The structure of the exo-beta-(1,3)-glucanase from Candida albicans in native and bound forms: relationship between a pocket and groove in family 5 glycosyl hydrolases.Cutfield, S.M., Davies, G.J., Murshudov, G., Anderson, B.F., Moody, P.C.E., Sullivan, P.A., Cutfield, J.F.
(1999) J Mol Biol 294: 771-783
- PubMed: 10610795
- DOI: https://doi.org/10.1006/jmbi.1999.3287
- Primary Citation of Related Structures:
- PubMed Abstract:
A group of fungal exo-beta-(1,3)-glucanases, including that from the human pathogen Candida albicans (Exg), belong to glycosyl hydrolase family 5 that also includes many bacterial cellulases (endo-beta-1, 4-glucanases). Family members, despite wide sequence variations, share a common mechanism and are characterised by possessing eight invariant residues making up the active site. These include two glutamate residues acting as nucleophile and acid/base, respectively. Exg is an abundant secreted enzyme possessing both hydrolase and transferase activity consistent with a role in cell wall glucan metabolism and possibly morphogenesis. The structures of Exg in both free and inhibited forms have been determined to 1.9 A resolution. A distorted (beta/alpha)8 barrel structure accommodates an active site which is located within a deep pocket, formed when extended loop regions close off a cellulase-like groove. Structural analysis of a covalently bound mechanism-based inhibitor (2-fluoroglucosylpyranoside) and of a transition-state analogue (castanospermine) has identified the binding interactions at the -1 glucose binding site. In particular the carboxylate of Glu27 serves a dominant hydrogen-bonding role. Access by a 1,3-glucan chain to the pocket in Exg can be understood in terms of a change in conformation of the terminal glucose residue from chair to twisted boat. The geometry of the pocket is not, however, well suited for cleavage of 1,4-glycosidic linkages. A second glucose site was identified at the entrance to the pocket, sandwiched between two antiparallel phenylalanine side-chains. This aromatic entrance-way must not only direct substrate into the pocket but also may act as a clamp for an acceptor molecule participating in the transfer reaction.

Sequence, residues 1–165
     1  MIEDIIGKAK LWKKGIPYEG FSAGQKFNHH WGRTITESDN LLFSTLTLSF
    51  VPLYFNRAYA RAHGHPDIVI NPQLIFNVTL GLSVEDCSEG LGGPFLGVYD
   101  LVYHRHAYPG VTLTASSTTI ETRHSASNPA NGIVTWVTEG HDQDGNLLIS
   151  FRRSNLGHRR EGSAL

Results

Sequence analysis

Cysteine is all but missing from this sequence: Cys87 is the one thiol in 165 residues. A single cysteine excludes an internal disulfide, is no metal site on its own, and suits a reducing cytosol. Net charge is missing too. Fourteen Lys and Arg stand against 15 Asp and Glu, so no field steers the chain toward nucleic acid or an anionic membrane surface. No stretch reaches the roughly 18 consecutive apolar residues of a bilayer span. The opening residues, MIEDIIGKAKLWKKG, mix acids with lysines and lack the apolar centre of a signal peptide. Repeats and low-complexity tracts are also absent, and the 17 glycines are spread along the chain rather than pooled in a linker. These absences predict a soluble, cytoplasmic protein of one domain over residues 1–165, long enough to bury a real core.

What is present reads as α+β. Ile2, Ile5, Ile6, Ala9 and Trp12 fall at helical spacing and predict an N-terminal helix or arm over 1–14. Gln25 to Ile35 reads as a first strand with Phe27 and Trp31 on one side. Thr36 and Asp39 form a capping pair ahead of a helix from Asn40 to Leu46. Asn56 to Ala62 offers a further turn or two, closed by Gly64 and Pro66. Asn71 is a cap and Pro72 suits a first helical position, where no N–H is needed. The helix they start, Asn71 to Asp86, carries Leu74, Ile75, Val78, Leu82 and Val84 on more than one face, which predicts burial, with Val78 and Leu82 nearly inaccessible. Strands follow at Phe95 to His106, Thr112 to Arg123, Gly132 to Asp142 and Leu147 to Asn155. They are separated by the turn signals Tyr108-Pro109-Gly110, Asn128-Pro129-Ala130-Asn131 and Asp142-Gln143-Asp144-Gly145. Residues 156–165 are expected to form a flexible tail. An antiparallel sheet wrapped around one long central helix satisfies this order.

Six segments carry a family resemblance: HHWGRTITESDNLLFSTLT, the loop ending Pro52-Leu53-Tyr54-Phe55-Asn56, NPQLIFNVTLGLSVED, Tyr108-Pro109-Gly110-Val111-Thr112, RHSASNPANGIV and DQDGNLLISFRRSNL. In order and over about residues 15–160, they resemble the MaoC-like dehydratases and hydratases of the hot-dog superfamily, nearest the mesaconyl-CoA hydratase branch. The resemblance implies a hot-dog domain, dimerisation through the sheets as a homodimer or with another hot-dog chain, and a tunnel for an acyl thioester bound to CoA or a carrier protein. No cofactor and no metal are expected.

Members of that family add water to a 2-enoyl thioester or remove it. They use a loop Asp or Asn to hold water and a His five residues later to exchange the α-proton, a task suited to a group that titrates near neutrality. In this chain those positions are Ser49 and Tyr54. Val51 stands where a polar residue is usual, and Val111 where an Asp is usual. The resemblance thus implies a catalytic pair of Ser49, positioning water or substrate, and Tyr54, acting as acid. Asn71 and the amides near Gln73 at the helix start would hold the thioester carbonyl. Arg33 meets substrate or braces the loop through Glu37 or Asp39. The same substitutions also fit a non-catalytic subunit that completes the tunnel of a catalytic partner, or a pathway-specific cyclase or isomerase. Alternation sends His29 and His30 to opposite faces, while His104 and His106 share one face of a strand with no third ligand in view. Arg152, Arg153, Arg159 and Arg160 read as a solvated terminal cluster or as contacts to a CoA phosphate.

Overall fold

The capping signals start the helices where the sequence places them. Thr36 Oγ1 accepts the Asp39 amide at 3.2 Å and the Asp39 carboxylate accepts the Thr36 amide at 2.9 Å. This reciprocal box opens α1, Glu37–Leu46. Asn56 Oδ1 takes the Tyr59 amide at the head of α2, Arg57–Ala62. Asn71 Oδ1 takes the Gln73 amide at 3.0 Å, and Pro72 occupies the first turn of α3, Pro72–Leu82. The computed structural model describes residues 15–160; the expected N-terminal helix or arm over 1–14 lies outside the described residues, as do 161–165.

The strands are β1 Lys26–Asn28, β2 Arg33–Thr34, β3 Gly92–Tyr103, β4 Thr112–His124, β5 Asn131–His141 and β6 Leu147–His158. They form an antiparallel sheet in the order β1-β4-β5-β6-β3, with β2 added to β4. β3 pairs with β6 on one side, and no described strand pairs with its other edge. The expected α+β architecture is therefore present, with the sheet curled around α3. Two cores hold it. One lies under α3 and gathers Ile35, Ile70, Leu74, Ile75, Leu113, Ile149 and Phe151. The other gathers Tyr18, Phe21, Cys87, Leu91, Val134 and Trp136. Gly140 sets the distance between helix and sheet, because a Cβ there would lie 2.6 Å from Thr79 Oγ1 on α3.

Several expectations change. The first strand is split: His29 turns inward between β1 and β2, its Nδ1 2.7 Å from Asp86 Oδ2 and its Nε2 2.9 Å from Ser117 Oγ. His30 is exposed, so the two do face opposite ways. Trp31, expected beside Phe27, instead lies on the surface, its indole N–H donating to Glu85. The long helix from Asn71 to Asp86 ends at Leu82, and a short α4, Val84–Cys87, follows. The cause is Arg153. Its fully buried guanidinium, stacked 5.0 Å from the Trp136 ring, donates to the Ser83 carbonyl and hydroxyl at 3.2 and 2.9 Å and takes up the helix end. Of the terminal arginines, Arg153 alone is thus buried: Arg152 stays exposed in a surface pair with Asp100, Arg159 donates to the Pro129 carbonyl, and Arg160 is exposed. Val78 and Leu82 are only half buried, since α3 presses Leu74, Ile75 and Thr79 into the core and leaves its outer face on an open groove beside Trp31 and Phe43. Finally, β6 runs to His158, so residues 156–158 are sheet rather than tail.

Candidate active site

Biochemistry Department School of Medical Sciences, University of Otago, Dunedin, New Zealand.